How are Asian exports faring lately?
Asian trade figures are often seen as a useful bellwether of the global economy and any potential improvement will provide a boost to market sentiment. The early hard data released last week (Korea’s November 20-day exports and Taiwan’s October export orders) improved compared to the previous month. The decline in Korea’s 20-day exports narrowed to -9.6% year-over-year (yoy) in November versus -19.5% yoy in October. Exports to key destinations also signaled a modest recovery. In Taiwan, the October export orders came in better than expected, at -3.5% yoy, following a decline of 4.9% yoy in September.
This is in line with the latest readings on the new orders component of the manufacturing purchasing managers’ index (PMI) for Asian countries, which remains below 50 on average but has risen slightly in recent months, despite the August escalation in trade tensions. In particular, Korea and Taiwan new export orders’ PMI have seen the biggest jumps over August-October, suggesting that the pace of export deterioration is probably slowing and we may see potential recovery ahead.
Positive developments have also been seen with the latest Emerging Market Asia (EM Asia) exports (Exhibit 1). While they remained in negative territory, the decline of overall EM Asia exports as well as exports to G3 (European Union, Japan and U.S.) have stabilized. Another green shoot is the sequential improvement in exports to China, where it recovered to -6.3% in September, from -10.2% in July.
Admittedly, these are all tentative signs and the recovery appears weak. We will need a few more months of data to confirm whether Asian trade growth has indeed bottomed. In addition, much will still depend upon the nature of any deal between the U.S. and China in the near future. We continue to expect the U.S. and China to remain engaged in trade negotiations, and breakthroughs are only likely in less controversial areas. The two countries will continue to compete in areas such as technology and regional geopolitics in Asia as well as emerging markets. As such, we remain cautious about the magnitude of the recovery given the tepid global demand and political uncertainties.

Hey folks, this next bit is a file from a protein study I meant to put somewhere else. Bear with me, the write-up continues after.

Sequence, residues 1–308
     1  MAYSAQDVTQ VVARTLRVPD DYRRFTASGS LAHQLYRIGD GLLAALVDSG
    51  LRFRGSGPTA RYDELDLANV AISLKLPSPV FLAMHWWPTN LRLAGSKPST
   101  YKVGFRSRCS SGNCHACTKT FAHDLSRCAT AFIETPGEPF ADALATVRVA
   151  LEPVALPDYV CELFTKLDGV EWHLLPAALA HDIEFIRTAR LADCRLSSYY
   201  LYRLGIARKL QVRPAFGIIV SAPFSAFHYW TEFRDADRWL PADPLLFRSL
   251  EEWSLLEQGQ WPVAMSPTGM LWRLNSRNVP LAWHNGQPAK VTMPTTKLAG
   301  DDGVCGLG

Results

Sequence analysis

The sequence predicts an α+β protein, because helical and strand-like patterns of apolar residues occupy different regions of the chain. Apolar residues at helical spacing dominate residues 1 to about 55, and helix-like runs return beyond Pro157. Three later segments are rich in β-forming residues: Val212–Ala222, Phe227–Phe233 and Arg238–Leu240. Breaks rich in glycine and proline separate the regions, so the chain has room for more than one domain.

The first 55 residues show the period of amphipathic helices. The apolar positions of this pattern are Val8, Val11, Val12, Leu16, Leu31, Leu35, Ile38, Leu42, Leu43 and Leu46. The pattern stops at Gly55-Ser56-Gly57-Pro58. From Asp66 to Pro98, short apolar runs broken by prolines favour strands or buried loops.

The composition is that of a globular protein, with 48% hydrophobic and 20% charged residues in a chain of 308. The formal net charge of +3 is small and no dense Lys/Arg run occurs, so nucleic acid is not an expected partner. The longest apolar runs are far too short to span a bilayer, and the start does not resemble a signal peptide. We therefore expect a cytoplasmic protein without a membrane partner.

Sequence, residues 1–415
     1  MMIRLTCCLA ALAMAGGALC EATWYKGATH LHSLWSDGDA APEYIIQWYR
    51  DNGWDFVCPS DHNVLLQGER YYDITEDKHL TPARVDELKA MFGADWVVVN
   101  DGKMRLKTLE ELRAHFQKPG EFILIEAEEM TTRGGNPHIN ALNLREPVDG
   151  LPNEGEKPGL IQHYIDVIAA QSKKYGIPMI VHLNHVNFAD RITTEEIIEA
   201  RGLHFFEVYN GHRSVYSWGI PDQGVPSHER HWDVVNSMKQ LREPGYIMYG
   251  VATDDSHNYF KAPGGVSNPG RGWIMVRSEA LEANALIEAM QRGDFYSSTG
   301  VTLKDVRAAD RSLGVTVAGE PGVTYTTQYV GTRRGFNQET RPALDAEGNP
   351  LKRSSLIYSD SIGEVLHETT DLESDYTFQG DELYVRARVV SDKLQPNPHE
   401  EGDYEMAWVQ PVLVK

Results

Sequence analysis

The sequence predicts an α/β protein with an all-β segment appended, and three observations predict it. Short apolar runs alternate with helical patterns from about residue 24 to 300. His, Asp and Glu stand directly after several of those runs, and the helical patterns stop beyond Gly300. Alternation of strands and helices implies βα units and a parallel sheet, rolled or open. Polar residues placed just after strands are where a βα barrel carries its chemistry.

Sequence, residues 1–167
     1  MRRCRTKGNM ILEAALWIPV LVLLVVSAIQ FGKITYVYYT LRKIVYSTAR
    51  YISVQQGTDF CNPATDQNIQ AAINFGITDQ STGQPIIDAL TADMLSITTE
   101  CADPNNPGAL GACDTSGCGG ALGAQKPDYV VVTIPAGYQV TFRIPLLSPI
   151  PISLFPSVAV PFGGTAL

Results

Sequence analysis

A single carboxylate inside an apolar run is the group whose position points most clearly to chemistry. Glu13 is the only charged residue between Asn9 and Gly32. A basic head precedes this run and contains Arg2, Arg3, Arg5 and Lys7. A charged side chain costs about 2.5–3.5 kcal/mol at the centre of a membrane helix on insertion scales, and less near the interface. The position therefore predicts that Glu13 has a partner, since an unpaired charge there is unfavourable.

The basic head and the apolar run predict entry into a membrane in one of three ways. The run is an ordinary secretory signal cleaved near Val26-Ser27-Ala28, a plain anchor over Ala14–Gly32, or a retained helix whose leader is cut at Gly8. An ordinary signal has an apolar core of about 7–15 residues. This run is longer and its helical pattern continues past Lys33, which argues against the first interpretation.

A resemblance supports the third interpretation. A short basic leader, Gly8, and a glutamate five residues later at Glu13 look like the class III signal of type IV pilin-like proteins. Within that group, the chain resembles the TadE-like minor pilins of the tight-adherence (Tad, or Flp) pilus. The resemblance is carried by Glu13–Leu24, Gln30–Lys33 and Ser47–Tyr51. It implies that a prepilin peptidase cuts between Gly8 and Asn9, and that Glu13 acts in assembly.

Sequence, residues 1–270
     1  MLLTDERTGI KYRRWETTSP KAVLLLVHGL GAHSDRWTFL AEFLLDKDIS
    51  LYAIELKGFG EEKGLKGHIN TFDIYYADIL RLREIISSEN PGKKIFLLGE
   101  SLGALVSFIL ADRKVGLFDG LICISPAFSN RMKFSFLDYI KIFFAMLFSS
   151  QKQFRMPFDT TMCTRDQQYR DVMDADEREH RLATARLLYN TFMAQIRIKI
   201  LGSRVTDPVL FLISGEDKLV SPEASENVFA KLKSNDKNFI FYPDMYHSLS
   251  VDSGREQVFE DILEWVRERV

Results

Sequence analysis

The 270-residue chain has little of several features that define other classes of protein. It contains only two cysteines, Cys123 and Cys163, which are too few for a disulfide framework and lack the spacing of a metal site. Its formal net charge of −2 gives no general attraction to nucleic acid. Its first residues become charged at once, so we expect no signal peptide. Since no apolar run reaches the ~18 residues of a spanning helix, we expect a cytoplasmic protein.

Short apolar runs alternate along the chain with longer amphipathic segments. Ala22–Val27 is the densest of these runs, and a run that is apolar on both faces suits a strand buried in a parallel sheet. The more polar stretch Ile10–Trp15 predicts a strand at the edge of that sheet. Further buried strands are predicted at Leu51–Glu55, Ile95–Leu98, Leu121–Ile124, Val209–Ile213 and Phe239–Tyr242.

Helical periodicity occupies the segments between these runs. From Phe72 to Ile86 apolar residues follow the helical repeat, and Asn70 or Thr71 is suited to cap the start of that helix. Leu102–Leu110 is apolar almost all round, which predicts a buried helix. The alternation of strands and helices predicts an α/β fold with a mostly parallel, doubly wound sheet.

Having said that, uncertainty does not just bring challenges, it brings opportunities. Ongoing trade talks between the U.S. and China have prompted companies to divert their production capacity away from China. The phenomenon of re-onshoring, as Taiwan manufacturers shift production lines in China back to factories in Taiwan to avoid higher U.S. tariffs, coupled with the positive outlook for new growth technology sectors, including 5G infrastructure as well as artificial intelligence, have all supported Taiwan’s export sector and overall growth so far this year and likely into 2020.
Other than Taiwan, Korea is also another potential beneficiary of high-end supply chain moves and re-onshoring. In Korea, fresh product launches in the technology sector, reduced inventory overhang, government’s fiscal stimulus as well as the de-escalation in Korea-Japan tension have all helped to lift sentiment and overall export activity.
EXHIBIT 1: EM ASIA OVERALL EXPORTS AND KEY DESTINATIONS
YEAR-OVER-YEAR CHANGE, 3MMA
A more sustained recovery in exports will likely help provide further support to the Asian earnings outlook, given the close relationship between Asia’s export trend and its corporate earnings performance. Amid seemingly fading downside tail risks from geopolitics and temporary relief from growth concerns, positioning in Asia has already picked up notably in recent months and is no longer light. However, valuations are still reasonable and the current price-to-book ratio of 1.6x is 14% below the long-run average. Consensus is currently calling for 13% yoy earnings growth in 2020, versus 1% yoy in 2019 and 4% yoy in 2018. We believe the estimates for 2020 are too high, as we continue to see greater risks to the downside and need further positive economic data to confirm whether the recent ‘green shoots’ are for real.
While the Asian trade cycle is still heavily influenced by the China-U.S. trade relationship, investors should continue to pay attention to the long-term theme of structural growth story within Asia. Lifestyle and consumption upgrades, change in dietary habits from rising wealth, ongoing infrastructure development as well as urbanization will likely continue to underpin the Asian equities outlook and deliver returns to investors over the next decade.